Olsen Stadium- Final Draft

September 10, 2010

Olsen Stadium

Ryan Tellinghuisen

Olsen Stadium, originally called Roberts Stadium until 2005, has been around since 1940.  It is the site for all the Mustang home games including soccer, track and field, and football.  In 2005, along with a name change came a renovation to install a new field, lights, track, and parking lot.  It is here that I chose to observe.

I am sitting on the front row of bleachers on the visitor’s side of Olsen Stadium.  There are little gusts of wind felt on my arms as I start to take in the stadium’s surroundings.  I can smell the aroma of the outdoors and green grass in my nostrils.  The bleachers begin to feel cool through my shorts as I sit.  I look to my left down the individual bleachers to see the sun flickering off of them.  I look down on the floor below me and notice that the ground is unclean.  There is also a pattern of ware from where feet have been for many a game.  Underneath the bleachers rests dried out sunflower seeds from games past.  The seeds are mixed in with more dirt and lawn creating a darker complexion on the ground.  As I look on, I notice the walls on the base of the bleachers.  The paint is sprinkled with age at spots throughout the wall.  There are also spots on the wall that appear different.  These spots are chipped and have a lighter shade of maroon.

I look on around the field.  I notice the raised hills with grass.  The grass is dull in areas, and coated a light brown in certain spots.  The grass is short and does not move in the light crisp wind.  I look down the hill and notice a man and boy riding their bikes between where I am sitting and the chain link fence bordering the track.  They pause a few feet in front of me to lean against the chain link, and take a breather from pedaling.  Both have their bikes stopped to admire the track team as they make a turn.  Man and boy each have sweat dripping from their brows, a sign of the distance they have traveled together.  The boy is enjoying this time; it is evident in a smile that he emits.  The man seems all in taking a big breath and using the chain as a crutch to keep him level.  I too follow their gaze and notice the track team coming in for another lap.  The runners are all breathing heavily as they pass, most wearing as little as possible as they continue on down the track.  There is a sense of determination in the runners, fueled by coaches yelling encouragement as their runners rush past them.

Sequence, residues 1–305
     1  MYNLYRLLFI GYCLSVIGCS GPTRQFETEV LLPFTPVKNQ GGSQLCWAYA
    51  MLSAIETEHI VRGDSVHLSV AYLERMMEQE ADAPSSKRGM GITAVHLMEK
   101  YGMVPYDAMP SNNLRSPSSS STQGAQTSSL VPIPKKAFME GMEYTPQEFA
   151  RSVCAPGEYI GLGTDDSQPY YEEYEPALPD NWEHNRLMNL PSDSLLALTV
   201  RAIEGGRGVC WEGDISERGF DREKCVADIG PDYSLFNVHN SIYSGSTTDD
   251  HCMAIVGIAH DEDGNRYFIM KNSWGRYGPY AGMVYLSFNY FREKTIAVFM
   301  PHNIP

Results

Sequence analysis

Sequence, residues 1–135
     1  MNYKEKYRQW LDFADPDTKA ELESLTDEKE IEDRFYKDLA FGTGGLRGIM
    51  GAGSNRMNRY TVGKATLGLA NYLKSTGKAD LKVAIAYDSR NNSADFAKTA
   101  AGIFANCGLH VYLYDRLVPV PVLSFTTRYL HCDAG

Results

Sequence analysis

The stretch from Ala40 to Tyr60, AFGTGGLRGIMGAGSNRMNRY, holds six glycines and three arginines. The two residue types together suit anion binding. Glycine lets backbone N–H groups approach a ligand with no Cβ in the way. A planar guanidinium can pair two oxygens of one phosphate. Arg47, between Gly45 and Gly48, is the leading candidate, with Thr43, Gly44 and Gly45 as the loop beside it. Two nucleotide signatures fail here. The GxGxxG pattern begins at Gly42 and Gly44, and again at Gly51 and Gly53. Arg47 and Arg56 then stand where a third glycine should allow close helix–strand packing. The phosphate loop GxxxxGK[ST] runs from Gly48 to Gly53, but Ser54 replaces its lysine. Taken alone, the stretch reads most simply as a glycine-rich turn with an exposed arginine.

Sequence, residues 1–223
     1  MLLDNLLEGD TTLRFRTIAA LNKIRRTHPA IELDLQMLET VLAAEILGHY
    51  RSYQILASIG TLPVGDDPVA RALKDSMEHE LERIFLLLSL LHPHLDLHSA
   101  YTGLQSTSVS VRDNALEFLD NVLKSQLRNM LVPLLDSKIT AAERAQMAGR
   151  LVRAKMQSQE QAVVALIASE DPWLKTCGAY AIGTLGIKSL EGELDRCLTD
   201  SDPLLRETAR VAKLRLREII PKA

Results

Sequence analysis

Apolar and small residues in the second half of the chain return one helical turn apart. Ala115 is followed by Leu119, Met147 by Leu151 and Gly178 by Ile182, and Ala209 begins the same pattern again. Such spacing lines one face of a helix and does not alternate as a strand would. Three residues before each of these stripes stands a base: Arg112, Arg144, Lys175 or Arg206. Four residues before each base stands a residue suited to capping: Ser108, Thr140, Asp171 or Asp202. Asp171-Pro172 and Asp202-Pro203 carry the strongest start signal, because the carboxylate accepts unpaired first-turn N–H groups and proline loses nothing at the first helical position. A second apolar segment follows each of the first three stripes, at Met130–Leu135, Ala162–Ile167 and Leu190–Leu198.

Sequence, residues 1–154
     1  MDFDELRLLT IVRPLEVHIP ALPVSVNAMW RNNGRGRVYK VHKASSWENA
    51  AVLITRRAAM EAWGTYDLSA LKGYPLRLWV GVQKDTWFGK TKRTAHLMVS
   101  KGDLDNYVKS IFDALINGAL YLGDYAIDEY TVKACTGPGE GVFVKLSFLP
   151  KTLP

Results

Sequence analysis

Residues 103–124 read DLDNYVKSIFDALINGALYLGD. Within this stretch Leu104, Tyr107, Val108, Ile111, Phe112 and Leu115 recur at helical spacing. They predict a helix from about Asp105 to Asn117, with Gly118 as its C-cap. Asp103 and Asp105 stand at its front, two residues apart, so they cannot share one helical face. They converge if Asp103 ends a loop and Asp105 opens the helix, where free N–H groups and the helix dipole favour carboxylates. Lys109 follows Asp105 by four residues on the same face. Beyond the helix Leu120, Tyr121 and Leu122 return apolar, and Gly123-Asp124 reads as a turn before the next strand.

My eyes now move to the field where I see football practice in full swing.  The players are in separate groups throughout the field executing different drill assignments according to the stern instruction of the coaches watching closely.  The field is a warm inviting green, with white markers and two maroon end zones.  The field is all artificial making it more appealing to the eye.  It looks soft while also being quite uniform, almost as if it was just rolled out.  I can hear the crack of pads smashing together as I sit and observe.  Every so often a whistle is heard and the sound of a play shortly following.

My mind comes back to the bleachers.  Even though they are not filled at this moment, there is the expectation of full crowds to watch an event on the field.  The stadium is quite for now.  The energy in the stands is dormant waiting for a spark of feet to bring it to life.

3 Responses to “Olsen Stadium- Final Draft”

  1.   Miranda said:

    Your description was good, but you repeat phrases a lot. Mix the beginning of some of your sentences. I like the way you describe the grass and hills and do a good job showing and not telling. My overall impression is this place is somewhere you like to be. Good job.

  2.   Kevin said:

    Wow!! That was an great descriptive paper bro. I especially likes the use of power words like flickering, determination, and sprinkling. The piece flows smoothly and keeps my interest throughout.

    I wouldn’t change a thing and would be surprised if you didn’t get an A.

  3.   fuglsang said:

    This is nice, Ryan. Sort of like a roving camera. Mostly objective. Mostly visual.

    There’s no one central image, though. Do you remember what your main impression was as you sat in the bleachers? The one overriding thought about the stadium?

    I know there have been times when I’ve been at M’Side games that the stadium has seemed empty, as if the promise of all those seats was going to waste. Maybe it’s different during practice when the empty seats are all about the possibility of what could happen on game day.

    Think about the “big picture” you want to get across, and include the details that will help your readers see what you want them to see.